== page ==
‘Entourage' Creator/Producer Doug Ellin Gives The New Definition Of Success
The American Dream — we all heard the term bandied about during the days of middle and high school; it's something we thought was just an outlandish, abstract goal sold to people trying to make it in this harsh world.
However, as “Entourage” creator and writer Doug Ellin shows us, the American Dream is alive and well.
I was lucky enough to secure an interview with the man, the myth and the legend himself, and let me tell you — he's everything you'd think he would be.
What I thought would be a quick chat turned into a 25-minute, free-flowing conversation while he picked up his dog from the boarder — yes, Mr. Ellin does his own errands, something I commented on as well.
“Entourage” first aired in 2004, and it went on for an enthralling eight seasons.
Millennials grew up alongside the program, watching as our own personal Vinnys, Turtles, Dramas and Es flourished right alongside us.
This is exactly why this age demographic has developed such a close connection with the series — because it mimics the characteristics present in every friend group.
According to Ellin, “There's always the group made up of the really good-looking guy, the ugly guy, the good-looking girl, the schlub — that's most friendships. Everyone can relate.”
You may think that with the success of HBO's “Entourage,” the producer would be celebrating in true Vinny Chase style, but when it comes to Doug Ellin, that is far from the case.
Instead, Ellin believes the way the show and film brought together his family and friends is the biggest celebration of all.
For those of you who didn't know, Ellin's son, Lucas, has a pretty substantial role in both the show and movie, as he plays Ari Gold's son Jonah.
We never see Ari get quite as emotional as he does when he's talking with his one and only son.
I think I can safely say all of our hearts broke during season four, when little Jonah asked his father if he would be attending school with Daren Hornig the following year. Ari broke down in tears as he regretfully told his son “no.”
But what makes the name “Daren Hornig” significant is the most fascinating part of it all — it wasn't a name pulled out of thin air; it's the name of Ellin's Long Island childhood friend.
You might think the show and movie paint an unrealistic picture of Hollywood, but when I asked Ellin about this, he said the loyalty and lifestyle he has experienced is what makes it so realistic.
He explained, “I grew up in a working class town, and 150 of ‘my' people will be at the NY screening, and 20 of those people's names have been used in the show in one aspect or another.”
Many people believe “Entourage” tells the tale of a young Mark Wahlberg and his crew as they acquired immeasurable success out in Hollywood, but the truth is, that's not the entire story.
In fact, the other half of the story comes straight from Doug Ellin's life, his journey, his relationships, his friends and his family.
So how did it all begin?
“It started with Mark. He brought it to me. I had to figure out my own way in, where I took stories from his life and characteristics from my friends, as well as his friends,” Ellin explains. “Most stories are me and my friends with the glamor of Mark. The inspiration came from Mark, and it combined elements of things from him and his friends with a mix and match with me and my friends.”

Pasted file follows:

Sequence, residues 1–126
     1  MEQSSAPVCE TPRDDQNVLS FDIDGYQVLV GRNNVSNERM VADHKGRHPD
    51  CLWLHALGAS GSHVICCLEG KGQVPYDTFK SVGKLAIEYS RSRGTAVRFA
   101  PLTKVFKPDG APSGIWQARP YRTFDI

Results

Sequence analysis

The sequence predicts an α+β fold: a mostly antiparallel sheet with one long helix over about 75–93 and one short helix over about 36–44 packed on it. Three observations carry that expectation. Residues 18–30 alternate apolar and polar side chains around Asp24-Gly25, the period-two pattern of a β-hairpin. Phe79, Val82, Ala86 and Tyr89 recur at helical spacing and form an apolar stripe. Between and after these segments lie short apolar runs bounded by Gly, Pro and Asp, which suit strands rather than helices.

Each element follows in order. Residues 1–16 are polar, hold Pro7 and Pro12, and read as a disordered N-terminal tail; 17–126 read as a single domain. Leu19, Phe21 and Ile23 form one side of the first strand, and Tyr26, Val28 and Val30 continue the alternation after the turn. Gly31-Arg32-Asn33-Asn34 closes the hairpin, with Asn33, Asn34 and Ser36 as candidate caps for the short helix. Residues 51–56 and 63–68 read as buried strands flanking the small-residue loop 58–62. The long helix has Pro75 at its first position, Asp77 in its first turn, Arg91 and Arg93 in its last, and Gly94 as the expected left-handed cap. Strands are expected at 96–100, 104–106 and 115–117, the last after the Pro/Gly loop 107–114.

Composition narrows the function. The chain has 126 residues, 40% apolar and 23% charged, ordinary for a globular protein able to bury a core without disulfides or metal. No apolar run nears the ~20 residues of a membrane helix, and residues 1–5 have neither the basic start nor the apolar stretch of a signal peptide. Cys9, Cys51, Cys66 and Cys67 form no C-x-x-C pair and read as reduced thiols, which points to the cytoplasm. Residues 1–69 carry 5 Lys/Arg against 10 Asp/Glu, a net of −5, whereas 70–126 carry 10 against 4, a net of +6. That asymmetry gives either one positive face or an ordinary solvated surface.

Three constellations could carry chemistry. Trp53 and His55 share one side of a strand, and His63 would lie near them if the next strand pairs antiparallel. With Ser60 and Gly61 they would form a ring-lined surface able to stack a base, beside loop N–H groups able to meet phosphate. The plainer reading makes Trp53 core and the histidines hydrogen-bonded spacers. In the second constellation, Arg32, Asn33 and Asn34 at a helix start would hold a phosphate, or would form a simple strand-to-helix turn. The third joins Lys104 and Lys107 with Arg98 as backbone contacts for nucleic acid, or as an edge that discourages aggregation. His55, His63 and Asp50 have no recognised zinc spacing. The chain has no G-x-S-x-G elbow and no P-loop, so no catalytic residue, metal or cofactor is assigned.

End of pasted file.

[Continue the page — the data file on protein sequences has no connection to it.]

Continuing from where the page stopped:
In fact, Ellin relates the most to the character of Ari Gold, played by Jeremy Piven, because he gets to say the things he's always wanted to say and even claimed it's “easier” to develop him as opposed to other characters like Drama.
The character of Mrs. Ari (whose full name is Melissa Gold, as we find out toward the end of the series) was actually inspired by Ellin's ex-wife Melissa Dana Hecht.
What's even more realistic is that the couple therapy sessions between Mr. and Mrs. Ari were transcribed from sessions Ellin had with his ex.
When it comes to the crazy success the actors achieved, it didn't come without its ups and downs.
Vinny's struggle is seen throughout the show, and Ellin firmly believes Los Angeles “is the greatest town to be unsuccessful in; there's always good looking people around, always places to play ball in the middle of the day.”
But at the end of the day, Ellin firmly explained the show is about family, and that's why he loves what he does.
The entire cast and crew created a family dynamic for him and, more importantly, his son.
When I asked if his son had to audition, he laughed and told me Lucas just hung around the set all the time. “Jeremy said he should play his son in the show, so we put him on camera, and it just worked,” said Ellin.
He loves that Lucas can see what he does without being negatively affected by the attention surrounding the show and movie.
As you can probably guess if you've seen the show, the film is rated R, so Lucas is definitely not allowed to watch the film.
Ellin's favorite “Entourage” moment in particular was shooting live at Yankee Stadium, where his son “had the run of the place.” His anecdotes really portrayed just how important family is to him, “I grew up loving the Yankees. There I was, with my kid and my dad at Yankee Stadium.”
So if you don't think you can achieve your dreams, just think of Doug Ellin, a stand-up comedian from Merrick, Long Island who just produced the most highly anticipated movie of the entire summer.
The boys are definitely back in town, and we can't wait to see what they have in store for us.
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